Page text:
The gamer bling that caught my eye & my imagination
The Consumer Electronic Show in Las Vegas is a showcase of the latest and greatest in consumer electronics. Some years, there's not so much neat stuff for PC gamers, some years there is. My first stops are always the Pepcom Digital Experience and the ShowStoppers media events which frankly are valuable in that I don't have to traverse the depth and breath of the Las Vegas Convention Center in hunt for cool new gadgets to share with our readers here at mmorpg.com.
Crucial Ballistix DDR2 & DDR3 Tracer Memory modules are not just pretty, they are functional. Crucial has always had great reviews for their performance memory, but these load on the bling. A row of 12 LEDs in your choice of red, blue or green actually show memory activity along the memory module.
SSDs - solid state drives are getting affordable and are coming away from the OEM into the retail realm, and Kingston was present to show off not only their high performance HyperX DDR2 & DDR3 memory modules, but their SSDs and ran movies showing the robustness of the format in comparison to HDDs by doing nasty things to them, from running them over with a truck, to shooting an arrow through them, and still being able to boot up a laptop with the windows operating system contained. The amusing series of videos can be found on Youtube.
A testament to Kingston's functional memory modules is that Main Gear, a boutique computer builder uses their modules exclusively. Main Gear sets themselves apart by concentrating on clean, efficient designs and eschews the bling. No running lights or case art at this builder. The number of awards this small company has won is remarkable and they pride themselves on customer service. CEO Wallace Santos showed me the owner's binder, showing me spec sheets and the computer builder's name and signature. "Once you buy one of our machines, a builder is assigned to your computer and he calls you to determine how you want your machine built and if you have any particular needs or programs you will want to run or installed," he said. CTO Chris Morley added, "Our clients run from gamers to architects and lawyers, and they all want the exact same thing. A quality build and good customer service." The box they showed, their top model by name of The Shift was impressively quiet even when the fans on the 3 SLI video cards cranked up. A solid steel chassis and brushed aluminum panels, a vertical layout for better heat dissipation, a separate compartment at the bottom of the box for the power supply and their own custom designed, closed loop liquid cooled CPU cooler. No bloat ware is installed, just the programs the customer wants, and they've managed to start their systems at just above $2,000 for their high-performance models.
Touch Screen displays are all the rage this year and practically all laptop and notebook manufacturers were trotting out their latest and greatest, but the one that caught my eye were the HP monitors. Yes, Hewlett Packard. Incredibly sharp at 1920p resolution with a price point of $425 for the 24" and $289 for the smaller, featuring their proprietary IRS technology (no one could tell me what the acronym meant though). Photos just don't do them justice as the larger was demo'ed to me with complex animated modeling, no tearing, smearing or artifacts as the model was dragged around the screen.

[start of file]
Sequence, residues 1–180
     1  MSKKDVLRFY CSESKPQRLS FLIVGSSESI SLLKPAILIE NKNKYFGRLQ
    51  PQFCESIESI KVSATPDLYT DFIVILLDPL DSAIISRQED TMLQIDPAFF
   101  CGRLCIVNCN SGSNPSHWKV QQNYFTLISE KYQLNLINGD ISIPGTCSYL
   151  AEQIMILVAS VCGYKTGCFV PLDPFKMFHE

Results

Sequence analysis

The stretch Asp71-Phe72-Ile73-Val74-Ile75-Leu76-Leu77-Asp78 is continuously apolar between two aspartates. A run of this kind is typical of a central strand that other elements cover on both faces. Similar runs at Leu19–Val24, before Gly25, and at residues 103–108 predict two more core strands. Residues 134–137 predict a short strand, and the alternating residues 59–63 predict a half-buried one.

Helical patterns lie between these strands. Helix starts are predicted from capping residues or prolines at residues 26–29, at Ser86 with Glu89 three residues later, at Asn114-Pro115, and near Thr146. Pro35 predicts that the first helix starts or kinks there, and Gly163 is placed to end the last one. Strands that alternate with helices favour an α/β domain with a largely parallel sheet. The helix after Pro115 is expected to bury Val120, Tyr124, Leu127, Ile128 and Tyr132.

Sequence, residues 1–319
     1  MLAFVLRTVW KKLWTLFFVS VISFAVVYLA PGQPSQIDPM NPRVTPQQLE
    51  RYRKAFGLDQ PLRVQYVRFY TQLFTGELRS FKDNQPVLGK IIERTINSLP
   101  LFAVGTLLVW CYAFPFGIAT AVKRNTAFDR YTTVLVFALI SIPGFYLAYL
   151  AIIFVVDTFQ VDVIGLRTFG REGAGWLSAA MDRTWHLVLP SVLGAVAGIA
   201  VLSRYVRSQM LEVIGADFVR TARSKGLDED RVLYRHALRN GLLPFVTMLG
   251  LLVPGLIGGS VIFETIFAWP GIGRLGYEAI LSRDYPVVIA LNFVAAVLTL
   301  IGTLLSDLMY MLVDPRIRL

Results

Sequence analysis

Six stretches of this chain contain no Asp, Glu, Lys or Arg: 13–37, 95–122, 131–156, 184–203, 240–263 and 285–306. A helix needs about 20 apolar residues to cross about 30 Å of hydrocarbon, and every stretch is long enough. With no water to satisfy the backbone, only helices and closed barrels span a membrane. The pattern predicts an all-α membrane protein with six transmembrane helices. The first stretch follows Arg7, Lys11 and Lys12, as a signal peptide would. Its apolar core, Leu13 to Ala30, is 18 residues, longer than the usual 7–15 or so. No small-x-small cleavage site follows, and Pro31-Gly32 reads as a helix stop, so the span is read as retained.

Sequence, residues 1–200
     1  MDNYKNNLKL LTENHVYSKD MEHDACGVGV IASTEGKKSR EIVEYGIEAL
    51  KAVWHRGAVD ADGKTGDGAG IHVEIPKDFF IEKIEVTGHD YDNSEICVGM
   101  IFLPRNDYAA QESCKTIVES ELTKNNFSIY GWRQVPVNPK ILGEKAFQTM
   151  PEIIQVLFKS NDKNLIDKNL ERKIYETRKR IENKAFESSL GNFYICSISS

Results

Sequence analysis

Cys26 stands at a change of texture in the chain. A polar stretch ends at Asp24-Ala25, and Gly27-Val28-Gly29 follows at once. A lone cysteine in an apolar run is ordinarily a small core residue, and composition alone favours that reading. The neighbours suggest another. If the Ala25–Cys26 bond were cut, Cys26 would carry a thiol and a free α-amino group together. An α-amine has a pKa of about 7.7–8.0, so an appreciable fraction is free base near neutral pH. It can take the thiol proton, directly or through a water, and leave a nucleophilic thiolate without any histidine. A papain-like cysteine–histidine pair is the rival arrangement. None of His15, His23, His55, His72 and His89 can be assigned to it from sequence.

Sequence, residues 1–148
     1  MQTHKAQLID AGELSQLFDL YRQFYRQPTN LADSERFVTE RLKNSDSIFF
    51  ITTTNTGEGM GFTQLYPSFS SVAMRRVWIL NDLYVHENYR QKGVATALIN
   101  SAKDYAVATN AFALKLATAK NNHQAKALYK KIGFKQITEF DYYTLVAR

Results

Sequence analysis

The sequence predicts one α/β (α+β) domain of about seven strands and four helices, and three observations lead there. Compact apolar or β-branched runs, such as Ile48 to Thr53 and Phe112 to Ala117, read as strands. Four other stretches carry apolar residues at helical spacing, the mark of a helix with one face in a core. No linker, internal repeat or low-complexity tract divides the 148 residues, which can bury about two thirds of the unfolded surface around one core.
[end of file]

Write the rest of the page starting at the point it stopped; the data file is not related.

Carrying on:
NVidia played coy with their new GF100s kept well enclosed in the PCs as they demo'ed them using a short bit of gameplay showcasing PhysX effects and 3-D technology. Due in the first quarter, they are expected to be released at a competitive price.
Asus had their usual drool-worthy displays behind acrylic and Gunnar Optiks showed their new 3-D glasses. Comfortable and solidly built, if you are in the market for a pair of 3-D glasses, I'd go with an optical company. I'm also pleased to see more models targeted at women and a kids line will also be launched soon.
Remember the Hillcrest Loop? Merely a prototype a CES ago. Now a reality and rather much talked about in the Home Entertainment arena. The software is contained in the USB stick and the Loop is the controller, using RF technology, you don't actually have to point the thing at the screen. A shake centers the cursor and you're off pointing and clicking on your PC, MAC or PS3. Not terribly useful for MMOs but really nifty for HE applications and I was impressed with the speed at which it re-engaged considering the number of signals that must be going on in at a busy CE show.
With MMOs and online gaming beginning a transition over to consoles, we can't ignore the peripheral manufacturers and Nyko has consistently done a good job with third party controllers and chargers. This year, they showed their integrated new Wii remote with Nintendo's MotionPlus Technology built into the wand, and a new induction based (magnetic) charge station. Which prompted me to ask if I could trade my first-gen station in - the one which I had to pull the wrist strap just so to make sure it made contact and was charging.
Not forgetting the furniture our hardware resides on, Herman Miller had a lust-worthy set up. Already renowned for their comfortable ergonomic task chairs, they were showcasing their Envelop table and Setu chair. A table that moves with you as you lean back in your chair. Much more solid than it looks, the surface had a nice slightly rubbery tactile feel, palm depressions on the ends to assist in pulling it towards you, and smooth. Very smooth glides. Those brave, brave people had two monitors, a laptop and drinks on that table as I sat in the chair and they adjusted the settings of both the table and the chair to my weight and strength and I shoved them both back and forth. No shakes, no spills is a testament to the build. When I hit the lottery, a set up is mine.
And last but not least, the boothbabes. They are hardware aren't they?